sturmbahnfuhrer: (I Love War)
[personal profile] sturmbahnfuhrer
[Phone]
[The call comes early in the morning, around 6:30-7 am when everyone would be having breakfast and getting ready for work and school. Or, uh, should be. Despite how early it is, the Major still sounds as jovial and chipper as always.]

Hello! Good morning! My, quite an exciting last week we had, wasn't it? Certainly, certainly, it reminded me quite a bit of home.

Ah, but that isn't why I'm calling this fine morning! As a public servant, it is my duty to often give messages to the public that might be of interest, and you might expect me to be doing this duty now and then in the next coming months.

But, today, I have a simple message. An educational one, in fact, presented in a way I think might be pleasing to young and old alike.

I call this story "The Fox and the Wolf".

Once upon a time, there was a proud and cunning fox. Now, the fox was well known across the area. Amongst the farmers of the region, his name was cursed for how often he might break into their chicken coops, raising hell and stealing their livelihood. The other animals knew to give him wide berth, born out of distrust and respect, and the fox reveled in it. Indeed, everyone knew how cunning he was, how capable he was. And most importantly, the fox knew as well.

And because he knew, he soon became bored of his current targets, of chasing the chickens in their coops and dashing from the yards when the farmers heard the noise. And certainly, certainly he was too smart for them! No, he needed a greater challenge, he needed new game, and so he treaded into the forest to find game there. And this? This was a place even the farmers feared, for it was the wolf's domain.

The first day, the fox did not understand the rules of the forest. It was new to him, strange in comparison to the farms and fields, and so he went home empty handed. The second day, he came closer, having almost caught one of the wild hares that resided there. And on the third day? He succeeded. He found one of the hares and, following the hare to its warren, quickly dispatched of the entire family and brought it back to his own, reveling in how bright he was, how clever he was.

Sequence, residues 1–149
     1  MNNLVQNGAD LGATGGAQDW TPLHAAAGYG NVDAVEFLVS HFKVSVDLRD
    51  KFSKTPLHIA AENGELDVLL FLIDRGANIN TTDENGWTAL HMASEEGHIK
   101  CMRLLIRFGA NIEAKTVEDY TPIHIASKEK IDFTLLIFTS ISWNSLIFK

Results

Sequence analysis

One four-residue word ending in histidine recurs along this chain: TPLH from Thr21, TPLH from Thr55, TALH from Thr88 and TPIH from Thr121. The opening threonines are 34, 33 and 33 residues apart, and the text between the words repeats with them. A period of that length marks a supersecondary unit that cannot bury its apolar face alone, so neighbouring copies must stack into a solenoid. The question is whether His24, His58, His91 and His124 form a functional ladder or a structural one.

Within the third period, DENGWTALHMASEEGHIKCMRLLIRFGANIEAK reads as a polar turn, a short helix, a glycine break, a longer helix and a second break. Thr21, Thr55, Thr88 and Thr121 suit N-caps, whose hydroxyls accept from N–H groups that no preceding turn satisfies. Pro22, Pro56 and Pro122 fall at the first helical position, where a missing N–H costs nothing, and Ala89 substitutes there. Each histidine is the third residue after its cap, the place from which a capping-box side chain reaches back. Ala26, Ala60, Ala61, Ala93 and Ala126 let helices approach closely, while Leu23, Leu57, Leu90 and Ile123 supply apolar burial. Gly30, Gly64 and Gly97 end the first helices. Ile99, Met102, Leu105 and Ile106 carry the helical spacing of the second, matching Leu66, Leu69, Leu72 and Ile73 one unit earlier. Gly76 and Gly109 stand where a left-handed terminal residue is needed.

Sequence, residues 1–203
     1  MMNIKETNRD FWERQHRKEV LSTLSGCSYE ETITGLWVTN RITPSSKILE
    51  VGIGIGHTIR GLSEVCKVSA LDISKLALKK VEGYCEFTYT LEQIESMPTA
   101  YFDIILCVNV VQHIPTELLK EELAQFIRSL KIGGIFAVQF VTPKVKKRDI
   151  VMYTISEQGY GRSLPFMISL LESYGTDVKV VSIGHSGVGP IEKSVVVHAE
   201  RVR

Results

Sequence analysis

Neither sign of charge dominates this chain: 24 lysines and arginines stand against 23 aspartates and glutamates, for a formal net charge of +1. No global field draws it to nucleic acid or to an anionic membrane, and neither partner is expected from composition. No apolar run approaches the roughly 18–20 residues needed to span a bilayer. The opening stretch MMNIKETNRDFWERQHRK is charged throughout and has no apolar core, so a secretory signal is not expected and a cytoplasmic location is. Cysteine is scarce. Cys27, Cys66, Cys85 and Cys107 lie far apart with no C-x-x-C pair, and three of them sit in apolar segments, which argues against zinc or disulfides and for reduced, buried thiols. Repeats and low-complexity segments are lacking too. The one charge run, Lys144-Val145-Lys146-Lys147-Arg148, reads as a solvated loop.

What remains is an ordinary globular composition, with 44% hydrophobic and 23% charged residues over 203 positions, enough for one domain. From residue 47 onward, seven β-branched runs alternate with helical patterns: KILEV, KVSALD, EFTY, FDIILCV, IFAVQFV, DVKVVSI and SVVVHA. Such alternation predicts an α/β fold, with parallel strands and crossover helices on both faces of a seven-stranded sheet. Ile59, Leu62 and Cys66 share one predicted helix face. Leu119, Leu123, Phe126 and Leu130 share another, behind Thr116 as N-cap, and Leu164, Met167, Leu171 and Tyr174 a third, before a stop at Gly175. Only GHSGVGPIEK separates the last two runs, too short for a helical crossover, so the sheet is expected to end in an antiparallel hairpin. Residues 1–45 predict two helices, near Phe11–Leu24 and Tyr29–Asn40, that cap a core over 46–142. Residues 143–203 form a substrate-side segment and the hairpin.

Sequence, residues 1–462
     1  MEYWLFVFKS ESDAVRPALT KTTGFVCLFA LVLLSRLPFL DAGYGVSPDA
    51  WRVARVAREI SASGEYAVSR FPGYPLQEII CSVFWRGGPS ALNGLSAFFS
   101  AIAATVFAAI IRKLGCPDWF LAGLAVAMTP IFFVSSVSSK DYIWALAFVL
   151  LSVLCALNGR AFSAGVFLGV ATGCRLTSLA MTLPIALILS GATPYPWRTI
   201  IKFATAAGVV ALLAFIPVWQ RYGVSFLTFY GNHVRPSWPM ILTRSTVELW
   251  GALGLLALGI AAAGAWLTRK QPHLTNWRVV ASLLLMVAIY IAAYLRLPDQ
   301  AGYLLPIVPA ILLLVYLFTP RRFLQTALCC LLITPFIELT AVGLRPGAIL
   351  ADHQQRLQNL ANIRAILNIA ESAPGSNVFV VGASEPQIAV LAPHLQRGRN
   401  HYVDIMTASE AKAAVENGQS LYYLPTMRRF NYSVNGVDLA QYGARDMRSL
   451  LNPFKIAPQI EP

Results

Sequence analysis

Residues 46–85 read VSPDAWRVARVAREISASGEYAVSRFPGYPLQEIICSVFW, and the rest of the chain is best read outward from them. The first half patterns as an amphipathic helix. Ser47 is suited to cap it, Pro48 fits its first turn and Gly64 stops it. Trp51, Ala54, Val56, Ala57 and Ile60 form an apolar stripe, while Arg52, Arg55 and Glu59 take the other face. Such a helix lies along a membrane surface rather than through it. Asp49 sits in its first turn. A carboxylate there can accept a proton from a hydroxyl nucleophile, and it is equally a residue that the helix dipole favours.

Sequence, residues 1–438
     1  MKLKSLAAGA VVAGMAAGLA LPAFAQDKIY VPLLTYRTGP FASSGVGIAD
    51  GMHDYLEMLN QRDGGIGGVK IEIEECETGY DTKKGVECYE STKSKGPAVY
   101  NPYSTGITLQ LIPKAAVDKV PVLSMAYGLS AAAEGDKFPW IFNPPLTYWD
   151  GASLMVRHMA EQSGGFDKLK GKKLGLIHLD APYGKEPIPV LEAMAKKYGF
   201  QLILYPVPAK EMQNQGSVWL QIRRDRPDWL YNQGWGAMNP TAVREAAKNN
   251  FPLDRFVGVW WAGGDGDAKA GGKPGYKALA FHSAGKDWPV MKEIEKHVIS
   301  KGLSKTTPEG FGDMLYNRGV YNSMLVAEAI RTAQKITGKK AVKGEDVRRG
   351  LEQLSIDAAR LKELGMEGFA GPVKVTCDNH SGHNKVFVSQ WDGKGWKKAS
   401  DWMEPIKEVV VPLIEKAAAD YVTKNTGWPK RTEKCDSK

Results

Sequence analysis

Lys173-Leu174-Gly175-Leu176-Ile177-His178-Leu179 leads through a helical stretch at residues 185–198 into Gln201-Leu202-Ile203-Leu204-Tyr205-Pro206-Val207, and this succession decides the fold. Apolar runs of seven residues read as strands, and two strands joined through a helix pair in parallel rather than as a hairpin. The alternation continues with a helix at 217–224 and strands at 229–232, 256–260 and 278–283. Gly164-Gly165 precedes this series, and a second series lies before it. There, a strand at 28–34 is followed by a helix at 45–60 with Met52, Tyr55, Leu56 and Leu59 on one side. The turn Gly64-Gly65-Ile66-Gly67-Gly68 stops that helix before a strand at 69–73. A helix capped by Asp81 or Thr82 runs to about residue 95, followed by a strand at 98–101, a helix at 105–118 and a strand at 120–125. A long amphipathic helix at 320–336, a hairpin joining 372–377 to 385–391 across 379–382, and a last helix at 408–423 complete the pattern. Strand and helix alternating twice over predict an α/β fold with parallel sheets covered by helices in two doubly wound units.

But he didn't notice that the wolf knew he was there, and was not amused by the intrusion into his territory. And the wolf knew he would have to make an example of the little fox.

The fox did not have to go out again for two days, for he and his family ate well from his last hunt. But he went out on the sixth day and was, alas, unable to catch anything again, having become too used to the last target he was hunting.

When he returned home to his hole, he slipped down it, for the entrance was slick with the blood of his family. There was fur, and bone, and blood sprayed and splattered throughout the hole, and yet none of the corpses of his family could be found.

The fox felt a cold fear, a fear that knew he was being hunted, was in danger, that he had cost the lives of his loved ones. And so, in a fear, the fox ran out of his hole.

And into the jaws of the wolf of the forest.

Tell me, tell me! What lesson do you think we could learn from this story?

[Action: Police Station]

[Hey, you know the new officer? The one a lot of you might know as a complete psycho who wants to spread war?

At the moment he's just happily doing paper work, filing and marking out reports. Bother him?]
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The Major

December 2011

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